For a couple months now I have been a little obsessed with backing up my media library (mostly music) in a way that is reflected on my primary laptop as well as on the server it is backed up to. Prior to this, I had Backblaze for all my backup needs, as well as Google Drive since I have quite a bit of space there. While these are nice, I wanted to own my backup too for my own peace of mind. A friend of mine recommended I look into Syncthing. Syncthing is essentially a light weight Dropbox/Google Drive/One Drive like system. You setup two computers (in this case a server and a client) and have them exchange unique ids. This allows them to identify themselves and sync data back and forth. It seemed like a simple solution, and FreeNAS (the linux based OS that runs my NAS server) had built in support for Syncthing.
While I am not a frequent flyer, I have been flying for a couple of years now. After today’s incident, I think it time that I vet my concerns. The ability to fly is a miracle, but the system around it is terrible. And that is unacceptable in this day and age. We have cars that can (mostly) drive themselves, but we can’t figure out an efficient way to manage a large pool of people to get from point A to point B?
I want to quit streaming services. I really do. I’m getting increasingly frustrated by them. It mostly stems from the fact that I own music, and integrating that into the experience is very difficult. I want to be able to take my music on the go with me, or at least some of it. However, I do value the algorithms around music recommendation and discovery as they do introduce me to new stuff. What I don’t like is how the streaming world seems to be hostile towards people like me who own music.
Recently, I’ve been thinking a lot about this topic. Maybe I’m getting old, not keeping up with the times, or I flat out just don’t get it. I would argue that this question trickled into my head years back when companies like Apple and Google made a shift to “Flat” UI/UX designs, away from skeuomorphic and realistic interfaces. While I understand the limits that come with basing interface design off of real life objects, the removal of such limits have caused a different problem.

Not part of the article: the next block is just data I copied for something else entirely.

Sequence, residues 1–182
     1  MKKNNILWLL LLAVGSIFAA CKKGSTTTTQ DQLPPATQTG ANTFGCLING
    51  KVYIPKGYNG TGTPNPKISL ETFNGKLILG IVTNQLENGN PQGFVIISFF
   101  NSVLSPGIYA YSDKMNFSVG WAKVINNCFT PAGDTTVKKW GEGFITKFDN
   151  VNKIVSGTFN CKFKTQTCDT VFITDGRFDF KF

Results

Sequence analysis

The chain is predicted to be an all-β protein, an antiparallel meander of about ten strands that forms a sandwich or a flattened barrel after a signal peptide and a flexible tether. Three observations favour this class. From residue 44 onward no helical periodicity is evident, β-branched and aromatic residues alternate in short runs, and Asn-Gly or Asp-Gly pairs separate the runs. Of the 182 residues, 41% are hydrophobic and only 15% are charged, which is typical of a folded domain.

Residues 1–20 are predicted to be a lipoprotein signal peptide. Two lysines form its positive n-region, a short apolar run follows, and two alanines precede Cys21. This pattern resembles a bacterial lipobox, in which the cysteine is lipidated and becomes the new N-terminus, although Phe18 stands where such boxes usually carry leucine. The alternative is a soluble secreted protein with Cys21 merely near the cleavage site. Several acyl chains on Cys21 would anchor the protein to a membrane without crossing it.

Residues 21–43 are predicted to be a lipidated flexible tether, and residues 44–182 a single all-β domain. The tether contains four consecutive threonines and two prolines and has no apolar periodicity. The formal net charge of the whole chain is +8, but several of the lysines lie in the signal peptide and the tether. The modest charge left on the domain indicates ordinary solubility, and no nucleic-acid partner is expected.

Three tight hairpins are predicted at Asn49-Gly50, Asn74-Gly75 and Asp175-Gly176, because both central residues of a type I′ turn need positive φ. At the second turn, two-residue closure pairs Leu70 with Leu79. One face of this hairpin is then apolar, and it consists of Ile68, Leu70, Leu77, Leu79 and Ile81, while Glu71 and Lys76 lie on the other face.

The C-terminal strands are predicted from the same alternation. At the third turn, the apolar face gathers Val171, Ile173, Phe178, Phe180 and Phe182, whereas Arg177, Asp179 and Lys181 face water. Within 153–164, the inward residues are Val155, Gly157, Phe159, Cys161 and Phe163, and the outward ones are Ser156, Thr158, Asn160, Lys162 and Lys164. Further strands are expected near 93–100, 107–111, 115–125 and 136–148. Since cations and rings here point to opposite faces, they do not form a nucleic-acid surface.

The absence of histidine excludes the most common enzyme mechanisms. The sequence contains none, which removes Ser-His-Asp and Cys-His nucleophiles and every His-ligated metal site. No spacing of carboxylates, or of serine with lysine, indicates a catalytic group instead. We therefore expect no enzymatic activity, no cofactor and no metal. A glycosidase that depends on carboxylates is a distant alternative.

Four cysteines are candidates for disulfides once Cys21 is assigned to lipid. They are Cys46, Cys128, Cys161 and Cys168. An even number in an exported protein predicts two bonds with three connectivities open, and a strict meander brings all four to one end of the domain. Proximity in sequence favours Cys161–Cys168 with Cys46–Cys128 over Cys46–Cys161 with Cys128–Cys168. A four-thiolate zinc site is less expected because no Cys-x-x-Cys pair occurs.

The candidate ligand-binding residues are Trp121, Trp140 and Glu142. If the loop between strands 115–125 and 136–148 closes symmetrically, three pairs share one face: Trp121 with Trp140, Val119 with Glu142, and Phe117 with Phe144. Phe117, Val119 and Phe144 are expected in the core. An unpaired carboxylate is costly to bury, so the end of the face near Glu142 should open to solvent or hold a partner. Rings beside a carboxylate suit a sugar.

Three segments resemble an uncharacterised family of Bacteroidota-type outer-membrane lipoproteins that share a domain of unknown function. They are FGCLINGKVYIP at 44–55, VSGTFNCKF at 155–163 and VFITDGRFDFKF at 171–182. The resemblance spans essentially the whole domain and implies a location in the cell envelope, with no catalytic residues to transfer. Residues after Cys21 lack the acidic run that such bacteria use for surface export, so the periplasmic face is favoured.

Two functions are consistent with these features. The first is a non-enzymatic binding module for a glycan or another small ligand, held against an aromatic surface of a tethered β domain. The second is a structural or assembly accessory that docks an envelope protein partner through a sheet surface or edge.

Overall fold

Recently, I was asked by a friend to fix a Mac server I had set up a while back. Unfortunately, the server was borked beyond repair, so a reinstalllation of the OS was necesssary. This did cause me to look back at the guide I wrote for myself back in 2013. Below is an editted version of that guide for posterity should anyone else need it. I know it helped my friend setup a new server just fine. The guide is a tad dated, but not much has changed in the past three years (luckily).
As my New Years resolution, I decided to get back to work on my side project, Find My Bus NJ. As part of the 2.0 revision that I have been working on, getting a server up and running to handle my REST requests has been the top blocker. As I mentioned in an earlier post, I had been playing around with SSL on a local server. Going into this though, I knew it would take some more effort that the
localhost setup. After doing much research these were the tools I picked out going forward.
Recently I have been playing around with how to remotely log into my NAS. For a while I have had it so that I have to pass my password into my terminal to login. However, this limits my ability to script my computer to do things that would send data back and forth without me interfering. Well, that just wouldn’t do so I set out to find a way around this.
Personal, school, professional Gmail accounts, an iCloud account, and an account related specifically to my personal app. The amount of email accounts I had to manage was getting increasingly difficult. Not to mention, I’m an old time guy who likes email clients natively on my computer. I refuse to have multiple tabs open to try and check my emails. Being on OS X, my default app of choice is Apple Mail (though it was Postbox until 10.11, but that no longer works currently). Apple Mail has given me issues for years, and I have tried so hard to work with it, but again and again it has screwed up when I have multiple Gmail Accounts Linked. Time and again it would send from my Personal, but the receiver would see it as from my Professional. Absolutely aggravating. So I was thinking, how do I fix this? My options:
I’ve had my Freenas server for almost a year now, but while away at school I can only SSH into the server if I know what my IP address is for my home router. Main problem? The public IP is changed every few months, leaving me with no way of knowing what my IP will be in the future. There are a multitude of ways to pay for these things, but I’m doing it on the cheap because I don’t have money or care for a subscription service. So here is what you will need: